Our area was dominated by high pressure from the 20th through the 27th.  On the 27th the temperature maxed out at 90°F, two degrees shy of the record.

The early taste of summer was ended by a cold front on the 28th, followed by a slow moving upper level trough on the 29th.  The combination of cold air aloft and surface heating in the trough created instability which triggered convective showers but only traces of rain at the Boise Airport. The trough remained on the 30th and was expected to linger a few more days.

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Idaho Spring Flood and Water Resources Outlook

M1The potential for spring flooding due to snowmelt is elevated for portions of eastern Idaho and northern Idaho. The spring flood risk for the rest of the state is average or below average. There remains an elevated risk of spring flooding across portions of the Upper Snake Basin due to above average mountain snowpack. This includes the mainstem Snake River above American Falls Reservoir and the Henrys Fork near Rexburg. An elevated flood risk also exists across the Panhandle Region where some of the highest snowpack percentages in the state reside. Elsewhere across Idaho, early May snowpack conditions suggest a low probability of spring flooding due to snowmelt. The primary factors in the development of spring flooding are the occurrence of persistent above normal temperatures, and rain on snow precipitation events. Even for areas where drought conditions exist, or that have low snowpack, spring flooding is possible under the right conditions. Additionally, burn scars can have a significant impact on local flood potential during spring snowmelt and rain events.M2

Water Supply

National Weather Service April through September water supply volume forecasts for northern and eastern Idaho, and the mainstem Snake River across southern Idaho range from 115 to 150 percent of average. Elsewhere, water supply forecasts are 85 to 110 percent of average for most of the Central Mountains and only 30 to 70 percent of average for south central and southwest Idaho. The lowest forecast percentages are in far southwest Idaho in the Bruneau and Owyhee River Basins at less than 40 percent of average.M3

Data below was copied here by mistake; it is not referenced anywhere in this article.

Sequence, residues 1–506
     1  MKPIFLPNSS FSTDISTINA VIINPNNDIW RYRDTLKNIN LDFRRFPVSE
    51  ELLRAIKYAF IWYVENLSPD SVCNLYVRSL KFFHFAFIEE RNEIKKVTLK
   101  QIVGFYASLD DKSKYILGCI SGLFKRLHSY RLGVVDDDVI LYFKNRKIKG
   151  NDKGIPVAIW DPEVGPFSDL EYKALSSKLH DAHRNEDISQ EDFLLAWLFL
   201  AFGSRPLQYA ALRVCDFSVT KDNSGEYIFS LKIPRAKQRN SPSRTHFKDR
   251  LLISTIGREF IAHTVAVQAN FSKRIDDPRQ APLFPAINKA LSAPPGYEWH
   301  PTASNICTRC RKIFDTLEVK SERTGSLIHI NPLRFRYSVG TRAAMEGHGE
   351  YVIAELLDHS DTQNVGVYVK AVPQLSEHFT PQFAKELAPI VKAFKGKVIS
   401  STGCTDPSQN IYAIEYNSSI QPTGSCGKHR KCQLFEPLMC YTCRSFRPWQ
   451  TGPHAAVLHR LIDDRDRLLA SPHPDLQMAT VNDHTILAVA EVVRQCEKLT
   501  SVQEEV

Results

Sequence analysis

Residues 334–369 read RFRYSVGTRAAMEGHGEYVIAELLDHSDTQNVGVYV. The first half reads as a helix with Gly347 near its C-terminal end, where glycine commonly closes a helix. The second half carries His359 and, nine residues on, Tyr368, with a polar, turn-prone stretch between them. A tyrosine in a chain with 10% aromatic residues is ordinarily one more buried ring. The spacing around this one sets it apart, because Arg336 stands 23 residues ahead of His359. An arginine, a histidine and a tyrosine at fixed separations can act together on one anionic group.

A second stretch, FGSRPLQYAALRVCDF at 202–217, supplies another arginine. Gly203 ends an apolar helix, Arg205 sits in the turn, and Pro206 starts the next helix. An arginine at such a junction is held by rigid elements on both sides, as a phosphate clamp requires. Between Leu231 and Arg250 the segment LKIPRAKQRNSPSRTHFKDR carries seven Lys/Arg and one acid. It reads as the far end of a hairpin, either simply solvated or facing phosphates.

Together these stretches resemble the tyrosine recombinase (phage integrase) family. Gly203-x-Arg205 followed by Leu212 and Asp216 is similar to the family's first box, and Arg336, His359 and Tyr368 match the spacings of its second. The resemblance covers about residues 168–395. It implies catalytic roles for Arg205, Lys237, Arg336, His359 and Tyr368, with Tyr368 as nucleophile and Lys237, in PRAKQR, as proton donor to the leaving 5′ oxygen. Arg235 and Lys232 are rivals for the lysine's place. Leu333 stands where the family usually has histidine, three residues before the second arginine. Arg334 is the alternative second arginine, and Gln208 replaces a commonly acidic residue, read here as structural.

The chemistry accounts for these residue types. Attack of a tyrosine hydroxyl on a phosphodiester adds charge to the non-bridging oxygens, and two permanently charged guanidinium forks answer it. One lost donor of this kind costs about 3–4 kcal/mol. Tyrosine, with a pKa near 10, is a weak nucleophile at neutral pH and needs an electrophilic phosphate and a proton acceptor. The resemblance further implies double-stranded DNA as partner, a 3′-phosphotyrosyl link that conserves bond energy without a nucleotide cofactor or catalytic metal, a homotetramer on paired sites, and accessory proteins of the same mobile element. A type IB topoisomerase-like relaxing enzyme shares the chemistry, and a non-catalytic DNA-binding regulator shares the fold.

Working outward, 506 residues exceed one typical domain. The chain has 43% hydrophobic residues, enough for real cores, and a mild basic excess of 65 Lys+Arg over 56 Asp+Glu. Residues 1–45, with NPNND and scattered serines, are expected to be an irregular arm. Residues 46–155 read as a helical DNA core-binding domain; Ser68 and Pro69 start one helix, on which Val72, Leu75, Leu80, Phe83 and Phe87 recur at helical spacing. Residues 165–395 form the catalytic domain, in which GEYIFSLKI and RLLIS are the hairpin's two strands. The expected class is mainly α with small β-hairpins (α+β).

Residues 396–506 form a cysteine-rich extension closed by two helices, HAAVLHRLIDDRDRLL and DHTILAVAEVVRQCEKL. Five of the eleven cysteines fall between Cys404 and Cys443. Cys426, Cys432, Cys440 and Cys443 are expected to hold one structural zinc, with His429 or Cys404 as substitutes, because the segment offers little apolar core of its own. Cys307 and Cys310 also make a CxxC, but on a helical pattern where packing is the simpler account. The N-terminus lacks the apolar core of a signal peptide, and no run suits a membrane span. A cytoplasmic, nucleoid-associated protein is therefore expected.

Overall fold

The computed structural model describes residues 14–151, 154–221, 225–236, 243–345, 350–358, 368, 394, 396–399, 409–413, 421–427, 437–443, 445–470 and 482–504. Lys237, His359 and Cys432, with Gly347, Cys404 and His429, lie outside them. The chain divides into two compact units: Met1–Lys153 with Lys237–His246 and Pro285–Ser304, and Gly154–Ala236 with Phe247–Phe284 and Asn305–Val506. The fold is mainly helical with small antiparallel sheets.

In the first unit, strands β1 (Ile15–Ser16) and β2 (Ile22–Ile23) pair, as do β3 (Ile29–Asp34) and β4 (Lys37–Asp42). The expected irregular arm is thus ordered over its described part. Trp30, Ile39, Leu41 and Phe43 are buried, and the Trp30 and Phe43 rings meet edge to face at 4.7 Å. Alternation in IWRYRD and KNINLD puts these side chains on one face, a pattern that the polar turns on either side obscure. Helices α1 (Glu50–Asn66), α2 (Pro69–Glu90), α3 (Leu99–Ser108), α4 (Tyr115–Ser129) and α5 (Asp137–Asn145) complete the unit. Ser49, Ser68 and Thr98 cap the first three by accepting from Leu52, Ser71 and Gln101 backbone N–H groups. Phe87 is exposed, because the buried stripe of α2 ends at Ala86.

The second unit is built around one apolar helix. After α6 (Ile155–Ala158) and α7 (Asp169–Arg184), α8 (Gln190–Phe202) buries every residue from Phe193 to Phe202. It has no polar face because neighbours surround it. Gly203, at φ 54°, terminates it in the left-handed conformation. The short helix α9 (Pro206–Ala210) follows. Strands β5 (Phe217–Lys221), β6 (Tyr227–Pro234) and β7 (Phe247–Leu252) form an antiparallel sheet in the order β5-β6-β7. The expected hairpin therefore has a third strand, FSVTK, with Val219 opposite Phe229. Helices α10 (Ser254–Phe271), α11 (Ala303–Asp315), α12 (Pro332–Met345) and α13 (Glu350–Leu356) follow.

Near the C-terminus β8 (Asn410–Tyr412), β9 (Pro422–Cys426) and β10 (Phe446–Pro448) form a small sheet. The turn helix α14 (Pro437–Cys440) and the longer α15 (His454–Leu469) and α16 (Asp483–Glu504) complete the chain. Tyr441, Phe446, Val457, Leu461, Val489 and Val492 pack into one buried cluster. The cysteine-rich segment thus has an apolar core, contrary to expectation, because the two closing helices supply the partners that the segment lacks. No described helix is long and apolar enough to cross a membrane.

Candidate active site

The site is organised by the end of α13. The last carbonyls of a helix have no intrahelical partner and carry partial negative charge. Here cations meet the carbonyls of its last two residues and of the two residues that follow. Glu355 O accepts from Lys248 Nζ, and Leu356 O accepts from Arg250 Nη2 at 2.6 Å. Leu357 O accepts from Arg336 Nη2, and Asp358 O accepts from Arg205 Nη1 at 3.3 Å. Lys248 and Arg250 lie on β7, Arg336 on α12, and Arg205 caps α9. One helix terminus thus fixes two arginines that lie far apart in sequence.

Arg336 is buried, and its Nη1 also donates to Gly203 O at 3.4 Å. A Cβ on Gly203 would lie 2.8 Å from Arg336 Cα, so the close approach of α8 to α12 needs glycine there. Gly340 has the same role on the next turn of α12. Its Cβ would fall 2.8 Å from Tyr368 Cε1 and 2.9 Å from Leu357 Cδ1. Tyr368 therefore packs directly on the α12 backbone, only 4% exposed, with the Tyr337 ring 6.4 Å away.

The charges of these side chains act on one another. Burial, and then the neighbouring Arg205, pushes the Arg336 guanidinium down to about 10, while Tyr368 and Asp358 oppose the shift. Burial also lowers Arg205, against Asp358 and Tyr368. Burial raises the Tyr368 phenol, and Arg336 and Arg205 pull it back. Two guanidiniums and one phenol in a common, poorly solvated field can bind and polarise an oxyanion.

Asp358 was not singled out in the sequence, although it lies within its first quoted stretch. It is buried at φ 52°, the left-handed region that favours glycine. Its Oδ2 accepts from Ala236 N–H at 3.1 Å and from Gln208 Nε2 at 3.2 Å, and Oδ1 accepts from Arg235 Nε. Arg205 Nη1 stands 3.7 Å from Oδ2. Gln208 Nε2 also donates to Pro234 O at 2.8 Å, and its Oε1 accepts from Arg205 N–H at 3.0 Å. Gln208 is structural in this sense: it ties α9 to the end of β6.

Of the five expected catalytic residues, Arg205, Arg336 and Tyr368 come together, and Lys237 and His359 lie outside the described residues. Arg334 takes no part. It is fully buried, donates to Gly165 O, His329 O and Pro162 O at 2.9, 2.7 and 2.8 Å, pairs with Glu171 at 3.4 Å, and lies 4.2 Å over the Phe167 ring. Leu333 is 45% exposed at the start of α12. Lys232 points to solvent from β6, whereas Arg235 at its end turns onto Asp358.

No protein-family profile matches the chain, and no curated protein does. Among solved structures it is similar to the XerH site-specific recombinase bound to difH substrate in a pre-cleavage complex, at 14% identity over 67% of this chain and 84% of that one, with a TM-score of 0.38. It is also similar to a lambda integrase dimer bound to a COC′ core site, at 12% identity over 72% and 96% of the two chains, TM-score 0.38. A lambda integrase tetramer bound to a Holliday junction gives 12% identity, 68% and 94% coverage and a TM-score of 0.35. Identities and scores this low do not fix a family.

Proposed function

Temperature and Precipitation

As of May 1, temperatures for the 2018 Water Year have been average or slightly below average across the northern half of the state while most of southern Idaho has experienced a little above average temperatures. Water Year precipitation was above average for the Panhandle, Spokane, and Clearwater Basins. The Clearwater Basin had the greatest anomalies in the state at 130 to 150 percent of average. The Salmon Basin and Upper Snake Basin near the Wyoming border were generally 100 to 130 percent of average. Elsewhere in southern and southwest Idaho the Water Year precipitation was mostly in the 70 to 90 percent of average range with pockets of around 60 percent.

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Snowpack

As of May 2, the highest snowpack percentages in the state ranged from 138 to 145 percent of median in the Clearwater, Spokane and Northern Panhandle Region. Not far behind were basins in eastern Idaho such as the Little Lost and Birch Basins, Henrys Fork, Teton, and Snake Basin above Palisades at 120 to 130 percent. The Payette, Boise, Salmon, Wood and Lost Basins ranged from 74 to 109 percent of median. Southside Snake River Basins along the Nevada border were a mixed bag ranging from a low of 17 percent of median in the Owyhee Basin to a high of 86 percent of median in the Raft River Basin. Northern Idaho basins and those near the continental divide reached their peak snowpack in mid to late April. The low elevation snow is gone and melting of the high elevations will increase over the next few weeks as temperatures warm.

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Reservoirs

Reservoir storage across Idaho is in good shape. As of May 1, storage in major reservoir systems throughout Idaho was 100 percent of average or greater, except where systems were heavily drafted to make space for anticipated snowmelt runoff. Weather patterns and irrigation demand will continue to drive operations through late spring as reservoirs are topped off. Wet spring weather or extended periods of warmth resulting in rapid snowmelt and large reservoir inflows could result in significant fluctuations in reservoir discharge and downstream river levels.